whistleblowers on the American drone programme have also talked about its dehumanising effects. The human operator is miles, perhaps even an entire continent away from the drone itself, and this creates a sense of unreality about the mission. The deaths are only seen on a screen, and so the operator can forget that he is actually killing real human being. After one trainee drone operator continued killing long after he had completed his mission, he was reportedly hauled from his chair by the instructor, who told him sternly, ‘This is not a video game’. Similarly soldiers and pilots in combat may also become dehumanised and enjoy killing. One of the volumes I read against the Iraq War included a letter from a veteran American Air Force pilot to his son, entitled ‘Don’t Lose Your Humanity’. The father was concerned that this would happen to his lad, after seeing it happen to some of the men he’d served with. He wrote of a case where a man continued to shoot at the enemy from his plane, simply because he enjoyed the chaos and carnage he was creating.

Already humans can lose their own moral compass while controlling these machines, but the situation could become much worse if these machines became completely autonomous. They could continue to kill regardless of circumstance or morality, simply through the requirement to obey their programming.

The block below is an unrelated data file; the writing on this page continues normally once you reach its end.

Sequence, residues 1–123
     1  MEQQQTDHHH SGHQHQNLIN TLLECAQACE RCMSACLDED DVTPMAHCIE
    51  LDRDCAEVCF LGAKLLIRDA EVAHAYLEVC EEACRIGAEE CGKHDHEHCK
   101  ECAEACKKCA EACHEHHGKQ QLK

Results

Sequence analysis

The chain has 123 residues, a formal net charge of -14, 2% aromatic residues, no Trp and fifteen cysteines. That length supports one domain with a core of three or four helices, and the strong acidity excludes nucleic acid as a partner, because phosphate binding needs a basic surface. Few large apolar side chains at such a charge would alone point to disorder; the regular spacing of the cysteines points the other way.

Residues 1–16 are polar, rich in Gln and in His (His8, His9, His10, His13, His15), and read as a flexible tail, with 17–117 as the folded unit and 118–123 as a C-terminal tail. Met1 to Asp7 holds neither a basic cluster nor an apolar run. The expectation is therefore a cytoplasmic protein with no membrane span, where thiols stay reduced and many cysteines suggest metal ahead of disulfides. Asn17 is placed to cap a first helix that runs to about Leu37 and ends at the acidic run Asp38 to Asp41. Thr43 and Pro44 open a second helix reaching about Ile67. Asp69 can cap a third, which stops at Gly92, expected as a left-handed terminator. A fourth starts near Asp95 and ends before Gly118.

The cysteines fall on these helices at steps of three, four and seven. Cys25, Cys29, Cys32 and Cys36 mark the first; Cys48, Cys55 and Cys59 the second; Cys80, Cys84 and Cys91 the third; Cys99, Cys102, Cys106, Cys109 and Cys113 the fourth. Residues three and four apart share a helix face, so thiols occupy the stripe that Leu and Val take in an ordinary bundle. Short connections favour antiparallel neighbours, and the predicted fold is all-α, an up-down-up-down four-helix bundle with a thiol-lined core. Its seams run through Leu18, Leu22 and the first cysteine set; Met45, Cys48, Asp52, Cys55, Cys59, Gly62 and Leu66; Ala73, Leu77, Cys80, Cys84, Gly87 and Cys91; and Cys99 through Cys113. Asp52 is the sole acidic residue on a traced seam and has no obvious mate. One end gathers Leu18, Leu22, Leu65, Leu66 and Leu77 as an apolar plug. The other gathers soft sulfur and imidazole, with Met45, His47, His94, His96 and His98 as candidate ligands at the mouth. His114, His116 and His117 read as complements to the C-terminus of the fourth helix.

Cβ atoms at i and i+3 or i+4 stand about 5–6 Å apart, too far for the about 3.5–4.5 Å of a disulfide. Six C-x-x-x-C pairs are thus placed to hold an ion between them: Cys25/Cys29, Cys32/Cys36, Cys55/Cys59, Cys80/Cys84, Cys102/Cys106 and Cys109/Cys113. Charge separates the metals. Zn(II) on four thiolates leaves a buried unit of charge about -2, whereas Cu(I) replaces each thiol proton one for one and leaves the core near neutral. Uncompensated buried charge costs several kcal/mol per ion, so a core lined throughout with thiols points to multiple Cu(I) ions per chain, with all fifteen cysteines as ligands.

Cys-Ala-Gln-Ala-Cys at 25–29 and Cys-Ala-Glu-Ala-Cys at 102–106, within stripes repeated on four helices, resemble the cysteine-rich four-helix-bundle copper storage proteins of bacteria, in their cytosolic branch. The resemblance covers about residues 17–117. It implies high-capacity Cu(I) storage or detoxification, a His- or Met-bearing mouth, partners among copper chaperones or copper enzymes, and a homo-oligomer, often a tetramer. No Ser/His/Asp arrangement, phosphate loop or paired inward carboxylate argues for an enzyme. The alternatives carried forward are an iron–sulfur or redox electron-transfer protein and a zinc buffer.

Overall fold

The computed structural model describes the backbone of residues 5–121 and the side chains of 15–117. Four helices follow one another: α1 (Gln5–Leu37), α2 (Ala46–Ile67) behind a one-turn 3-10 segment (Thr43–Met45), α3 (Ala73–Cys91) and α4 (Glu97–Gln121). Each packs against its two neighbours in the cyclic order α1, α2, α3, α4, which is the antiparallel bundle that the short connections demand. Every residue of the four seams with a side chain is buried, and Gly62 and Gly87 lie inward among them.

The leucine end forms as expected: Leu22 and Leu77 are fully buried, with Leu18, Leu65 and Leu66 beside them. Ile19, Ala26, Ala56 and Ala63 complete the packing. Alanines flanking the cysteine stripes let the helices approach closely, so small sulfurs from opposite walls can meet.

There is also another danger: that the rise of these machines will eventually lead to the extinction and enslavement of the human race. The idea of the robot’s revolt has haunted Science Fiction since Mary Shelley first wrote Frankenstein at the beginning of the 19th century. It’s one of the clichéd themes of SF, but some scientists fear it the danger is all too real. Martin Rees, the Astronomer Royal, included it among the dangers to the survival of humanity in his book, Our Final Minute?, in the 1990s. Kevin Warwick, professor of robotics at Reading University and former cyborg, also sees it as a real possibility. His 1990s book, March of the Machines, opens with a chilling description of a world ruled by robots. Humanity has been decimated. The few survivors are enslaved, and used by the machines to hunt down the remaining free humans living wild in places which are inaccessible to the robots. Warwick was deeply troubled by the prospect of the machines eventually taking over and leaving humanity far behind. He turned to cyborgisation as a possible solution to the problem and a way for humanity to retain its superiority and survival against its creations.